However, it is important to note that this tax relief is allocated once in a lifetime and once used up, cannot be claimed again. As draw-downs from a living annuity are limited to between 2.5% and 17.5% of the value of the investment per year, many investors use the one-third withdrawal option strategically to ensure that they don’t run into cashflow problems later in retirement. Alternatively, the withdrawn funds can be earmarked for large capital outflows in retirement such as overseas travel, vehicle upgrades, weddings, or home renovations. That said, keep in mind that once your capital has been invested in a living annuity, it cannot be withdrawn as a lump sum, and you are restricted to drawing an annuity income between 2.5% and 17.5% per year. While you can reinvest these drawings into a discretionary portfolio, there are tax implications in respect of these earnings. As such, your need for future liquidity and the tax implications of creating this liquidity must be carefully balanced against locking your funds into a living annuity and the future implications of doing so.
Before retiring from an RA, it is important to establish your income needs going forward, specifically when it comes to how you will be taxed on that income. For instance, you may be entering a form of semi-retirement which will require you to supplement your income using your invested capital, and it is important to be strategic about when to retire from your RA, where to invest the benefits, and how much supplementary income to draw. If you’re under the age of 65, your tax threshold for the current tax year is R91 250 and all income above that threshold is taxable. If you retire from your RA and set up a living annuity investment, selecting a tax-efficient level at which to draw down is important – while keeping in mind your cashflow needs for the year. Remember, you can only adjust your living annuity draw-down levels once a year (on the anniversary of the policy), so it’s an important decision to get right. Further, bear in mind that it may be more tax-efficient to retire from your RA later in the tax year as your earnings – and resultant income tax – are likely to be less. Another factor to keep in mind is that, if you’ve triggered a capital gains event in the tax year, it may make sense to postpone retiring from your RA to a subsequent tax year.
From an estate planning perspective, the only difference between having your capital invested in an RA as opposed to a living annuity structure is the certainty that the latter provides in terms of distribution of benefits in the event of your death. Remember, while your funds are housed in a retirement annuity, the distribution of your death benefits is governed by Section 37C of the Pension Funds Act and, while the fund trustees will take your beneficiary nomination into account, the ultimate distribution of those benefits may differ from your intentions. This is because the fund trustees are tasked with determining who is financially dependent on you at the time of death, and to allocate the funds in an equitable manner. On the other hand, if your funds are housed in a living annuity, your beneficiary nomination is absolute and those nominated will receive their inheritance as per your intentions. From a tax planning perspective, the funds held in both an RA and a living annuity are excluded for estate duty purposes and do not form part of the estate administration process. Thus, if the future financial security of your loved ones hinges on them receiving funds held in an RA, moving these funds into a living annuity may be something worth considering.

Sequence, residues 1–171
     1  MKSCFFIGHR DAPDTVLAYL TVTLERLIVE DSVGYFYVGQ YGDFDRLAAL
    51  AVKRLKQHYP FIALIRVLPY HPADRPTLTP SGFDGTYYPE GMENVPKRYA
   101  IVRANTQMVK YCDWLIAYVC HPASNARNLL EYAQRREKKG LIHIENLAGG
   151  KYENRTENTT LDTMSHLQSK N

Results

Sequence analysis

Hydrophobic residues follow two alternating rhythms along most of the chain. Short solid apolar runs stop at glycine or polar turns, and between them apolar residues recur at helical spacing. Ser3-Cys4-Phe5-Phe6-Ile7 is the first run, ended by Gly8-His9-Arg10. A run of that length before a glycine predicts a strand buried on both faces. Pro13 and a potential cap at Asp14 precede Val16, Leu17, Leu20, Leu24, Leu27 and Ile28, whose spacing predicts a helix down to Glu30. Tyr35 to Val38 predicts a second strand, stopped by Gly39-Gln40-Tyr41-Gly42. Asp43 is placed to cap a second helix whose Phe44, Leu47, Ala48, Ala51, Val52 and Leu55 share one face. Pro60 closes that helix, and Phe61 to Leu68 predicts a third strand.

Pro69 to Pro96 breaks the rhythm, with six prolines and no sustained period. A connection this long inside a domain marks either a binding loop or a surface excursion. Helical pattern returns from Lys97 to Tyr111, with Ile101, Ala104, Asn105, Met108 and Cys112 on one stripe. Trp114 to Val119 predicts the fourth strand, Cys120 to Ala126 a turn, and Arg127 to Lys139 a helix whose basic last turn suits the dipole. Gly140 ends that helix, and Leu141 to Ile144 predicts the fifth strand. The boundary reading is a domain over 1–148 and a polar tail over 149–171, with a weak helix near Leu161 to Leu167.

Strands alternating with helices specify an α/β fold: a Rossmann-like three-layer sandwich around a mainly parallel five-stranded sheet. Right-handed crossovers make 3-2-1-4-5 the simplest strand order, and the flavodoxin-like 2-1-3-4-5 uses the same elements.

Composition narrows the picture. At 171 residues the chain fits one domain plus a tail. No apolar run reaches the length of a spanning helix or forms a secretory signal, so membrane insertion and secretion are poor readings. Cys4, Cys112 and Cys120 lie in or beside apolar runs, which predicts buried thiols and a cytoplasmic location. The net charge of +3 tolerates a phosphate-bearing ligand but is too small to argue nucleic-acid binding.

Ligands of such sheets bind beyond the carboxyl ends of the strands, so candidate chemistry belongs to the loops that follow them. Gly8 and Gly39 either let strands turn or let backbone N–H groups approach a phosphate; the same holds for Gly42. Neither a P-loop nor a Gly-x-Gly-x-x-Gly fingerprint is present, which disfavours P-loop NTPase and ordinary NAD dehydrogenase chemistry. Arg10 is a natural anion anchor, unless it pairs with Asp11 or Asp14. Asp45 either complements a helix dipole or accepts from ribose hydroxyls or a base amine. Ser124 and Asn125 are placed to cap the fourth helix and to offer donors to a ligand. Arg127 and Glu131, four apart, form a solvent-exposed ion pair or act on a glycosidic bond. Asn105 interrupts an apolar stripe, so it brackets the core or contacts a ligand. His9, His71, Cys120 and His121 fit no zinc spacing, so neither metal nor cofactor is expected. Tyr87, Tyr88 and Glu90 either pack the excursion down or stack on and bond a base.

If there is a possibility that you may emigrate in the near future, you may want to think carefully before retiring from your RA. This is because once your funds are in a living annuity structure, they cannot be moved out of the country and your living annuity income will need to be paid into a South African bank account. As such, when considering emigration, it is important to consider the effects of emigration on your retirement savings. If you choose to leave your funds in a retirement annuity, you will be able to access these funds once you have not been resident in South Africa for an uninterrupted period of three years, although bear in mind that they will be subject to tax.
Have a great day.